AUBURN — Kevin Steele and his staff have never had any trouble coming up with nicknames for players on Auburn’s defense.
Some are easy, like defensive lineman Big Kat Bryant and safety Smoke Monday, who are listed that way on the team’s official roster. Some follow players from high school, like “Freak” for linebacker Owen Pappoe.
Some have to be created. Defensive lineman Nick Coe became “Pickle” a few years ago after Steele said he ate about eight of them during a break in practice. Linebacker K.J. Britt became “Downhill Britt” because of his physicality against the run. Dinson started calling nickelback and punt return Christian Tutt “Sweet Feet” this season.
Linebacker Zakoby McClain’s earned the nickname “Jackrabbit” because of the way he played on the field.
“I can tell you this: He’ll explode into a ballcarrier when he tackles you,” McClain’s coach at Valdosta (Ga.), High School, Alan Rodemaker, told the Montgomery Advertiser. “He comes up out of his shoes, out of his feet. I assume that’s why Coach Steele and T-Will (linebackers coach Travis Williams) started calling him that.”
But that last nickname has gone through an evolution recently. The sophomore linebacker is now “Ricochet Rabbit” — or, if you want to go by his Twitter account, “RickAshay Rabbit” — like the cartoon sheriff from "The Magilla Gorilla Show."
The real Ricochet Rabbit bounced off the walls yelling, “ping-ping-ping!” McClain may have cemented the nickname because of the way he’s made the ball bounce Auburn’s way in recent weeks.
Two weeks ago, against Samford, it was McClain who forced the ricochet. The Bulldogs faced third-and-six from their own 29-yard line on a rainy day at Jordan-Hare Stadium. Quarterback Chris Oladokun ran straight up the middle on a draw and the sophomore med him there, putting his helmet right on the ball tucked in the runner’s right arm.
The ball flew about 10 feet into the air before falling right into the outstretched arms of cornerback Roger McCreary, who returned it inside the red zone. Auburn’s offense scored a touchdown three plays later.
In Saturday’s Iron Bowl, it was McClain who benefited from the ricochet. Alabama faced first-and-goal from the 2-yard line after an Auburn penalty in a game that had already flown off the rails at that point. The Crimson Tide led 31-30 with 6:47 left in the third quarter.
Quarterback Mac Jones faked a handoff to running back Najee Harris, who broke into the flat and began running toward the pylon in the front right corner of the end zone. The plan was to roll right and hit him there.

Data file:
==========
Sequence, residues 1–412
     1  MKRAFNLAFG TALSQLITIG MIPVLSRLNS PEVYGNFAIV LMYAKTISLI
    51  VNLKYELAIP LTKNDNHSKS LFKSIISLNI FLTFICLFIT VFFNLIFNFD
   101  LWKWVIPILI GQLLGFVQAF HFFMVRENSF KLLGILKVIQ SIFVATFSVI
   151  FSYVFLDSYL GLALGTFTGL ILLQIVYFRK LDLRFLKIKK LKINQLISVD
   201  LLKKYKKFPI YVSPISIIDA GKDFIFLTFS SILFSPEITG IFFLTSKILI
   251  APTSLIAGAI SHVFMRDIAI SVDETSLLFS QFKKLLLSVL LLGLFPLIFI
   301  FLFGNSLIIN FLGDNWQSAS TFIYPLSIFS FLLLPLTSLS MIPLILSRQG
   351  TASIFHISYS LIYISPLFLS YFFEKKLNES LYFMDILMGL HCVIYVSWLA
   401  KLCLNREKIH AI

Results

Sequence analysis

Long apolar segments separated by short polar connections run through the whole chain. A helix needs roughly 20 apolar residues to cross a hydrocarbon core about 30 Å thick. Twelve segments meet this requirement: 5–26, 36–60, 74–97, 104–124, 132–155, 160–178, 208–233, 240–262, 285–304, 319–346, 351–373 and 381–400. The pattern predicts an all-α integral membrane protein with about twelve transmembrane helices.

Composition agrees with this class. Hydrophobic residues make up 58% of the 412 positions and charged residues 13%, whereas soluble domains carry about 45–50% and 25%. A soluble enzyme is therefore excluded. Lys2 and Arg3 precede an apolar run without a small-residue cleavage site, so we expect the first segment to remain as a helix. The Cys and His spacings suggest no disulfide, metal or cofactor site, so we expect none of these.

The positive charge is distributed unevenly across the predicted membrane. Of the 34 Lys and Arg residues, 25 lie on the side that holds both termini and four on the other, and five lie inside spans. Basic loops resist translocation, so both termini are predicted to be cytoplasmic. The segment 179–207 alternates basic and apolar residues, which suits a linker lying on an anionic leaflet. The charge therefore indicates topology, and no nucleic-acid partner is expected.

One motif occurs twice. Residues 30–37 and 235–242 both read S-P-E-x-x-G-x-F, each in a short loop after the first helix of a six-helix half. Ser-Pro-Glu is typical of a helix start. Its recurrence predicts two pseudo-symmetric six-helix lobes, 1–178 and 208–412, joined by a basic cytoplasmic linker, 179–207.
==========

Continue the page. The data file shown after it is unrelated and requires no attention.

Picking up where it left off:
But pressure from Bryant blew up the play before it could unfold. Jones, trying to avoid the sack, threw the ball before Harris turned around to look for it. The ball bounced off him and right into the waiting arms of a trailing McClain, who caught it right at the goal line.
“I was just surprised I had it,” McClain said.
The linebacker turned upfield and immediately took off sprinting down the left sideline. He figured, eventually, one of Alabama’s standout wide receivers would catch up to him and take him down, but none of them were on the field — the offense was lined up in a jumbo set, all offensive linemen, tight ends and running backs with Jones. Harris tried his best to chase McClain down, but he never got closer than 5 yards behind him.
Ricochet Rabbit is the fastest sheriff in the West, after all.
And it might not have mattered if Harris had been able to get closer. McClain had a convoy with him throughout his 100-yard interception return. Britt and Chandler Wooten behind him, and Bryant, Pappoe and Marlon Davidson to his right. The only player that caught up to him was teammate Noah Igbinoghene, who also competes for the university’s track and field team. He was the first to tackle McClain in the back corner of the opposite end zone, the one directly in front of thousands of Auburn students jumping up and down, waving their shakers and creating a deafening roar.
“They said, ‘We're legendary.’ They said, ‘You broke a record.’ Screaming,” McClain said of his teammates’ reaction. “I was tired. I was tired at about the 20. But I did that.”
Rodemaker didn’t see McClain’s pick-six live. He was actually outside his house grilling when his wife yelled to him from the other room. He ran back inside to see No. 35 streaking down the field.
That’s usually all Rodemaker is looking for when he turns on Auburn’s games every Saturday; that No. 35 jersey on defense. He saw it more and more as his former player’s sophomore season went on.
The interception was just one of the plays McClain made on Saturday. He also recorded 11 tackles and a tackle for loss in Auburn’s 48-45 win over Alabama. He was named the SEC Defensive Player of the Week and the Athlon Sports National Defensive Player of the Week.
“It’s just really neat to see a guy that you spent so much time with and worked so hard with,” Rodemaker said. “Zakoby came to work every single day."